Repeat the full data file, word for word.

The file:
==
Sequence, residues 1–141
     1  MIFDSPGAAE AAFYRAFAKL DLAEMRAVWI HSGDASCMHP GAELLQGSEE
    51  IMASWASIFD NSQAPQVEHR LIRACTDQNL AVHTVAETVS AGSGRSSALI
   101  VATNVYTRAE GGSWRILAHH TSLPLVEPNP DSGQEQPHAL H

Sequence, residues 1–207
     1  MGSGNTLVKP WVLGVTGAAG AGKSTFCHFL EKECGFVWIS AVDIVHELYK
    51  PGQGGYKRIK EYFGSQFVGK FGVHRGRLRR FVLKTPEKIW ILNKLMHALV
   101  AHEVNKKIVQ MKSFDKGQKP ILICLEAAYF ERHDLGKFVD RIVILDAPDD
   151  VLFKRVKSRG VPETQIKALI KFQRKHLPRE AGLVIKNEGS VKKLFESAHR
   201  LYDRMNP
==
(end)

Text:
Sequence, residues 1–141
     1  MIFDSPGAAE AAFYRAFAKL DLAEMRAVWI HSGDASCMHP GAELLQGSEE
    51  IMASWASIFD NSQAPQVEHR LIRACTDQNL AVHTVAETVS AGSGRSSALI
   101  VATNVYTRAE GGSWRILAHH TSLPLVEPNP DSGQEQPHAL H

Sequence, residues 1–207
     1  MGSGNTLVKP WVLGVTGAAG AGKSTFCHFL EKECGFVWIS AVDIVHELYK
    51  PGQGGYKRIK EYFGSQFVGK FGVHRGRLRR FVLKTPEKIW ILNKLMHALV
   101  AHEVNKKIVQ MKSFDKGQKP ILICLEAAYF ERHDLGKFVD RIVILDAPDD
   151  VLFKRVKSRG VPETQIKALI KFQRKHLPRE AGLVIKNEGS VKKLFESAHR
   201  LYDRMNP